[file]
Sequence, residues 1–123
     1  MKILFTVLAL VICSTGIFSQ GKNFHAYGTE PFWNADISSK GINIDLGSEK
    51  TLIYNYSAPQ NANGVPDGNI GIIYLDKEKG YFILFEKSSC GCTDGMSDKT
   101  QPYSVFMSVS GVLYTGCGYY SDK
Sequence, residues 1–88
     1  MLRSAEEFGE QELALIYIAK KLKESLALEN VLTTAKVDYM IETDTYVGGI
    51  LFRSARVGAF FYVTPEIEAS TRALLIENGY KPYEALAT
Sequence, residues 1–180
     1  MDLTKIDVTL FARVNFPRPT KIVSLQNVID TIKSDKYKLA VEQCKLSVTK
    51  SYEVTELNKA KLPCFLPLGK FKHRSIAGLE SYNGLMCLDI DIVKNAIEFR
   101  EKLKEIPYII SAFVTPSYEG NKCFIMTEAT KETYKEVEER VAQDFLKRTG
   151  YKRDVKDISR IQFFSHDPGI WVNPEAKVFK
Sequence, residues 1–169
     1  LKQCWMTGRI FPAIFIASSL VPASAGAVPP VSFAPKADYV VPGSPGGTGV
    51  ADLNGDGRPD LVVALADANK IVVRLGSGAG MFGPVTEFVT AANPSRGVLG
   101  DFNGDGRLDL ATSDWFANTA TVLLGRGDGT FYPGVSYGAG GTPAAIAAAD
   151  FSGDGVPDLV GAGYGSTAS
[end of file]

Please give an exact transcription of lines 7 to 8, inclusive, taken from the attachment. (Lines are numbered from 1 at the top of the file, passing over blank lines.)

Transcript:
    51  LFRSARVGAF FYVTPEIEAS TRALLIENGY KPYEALAT
Sequence, residues 1–180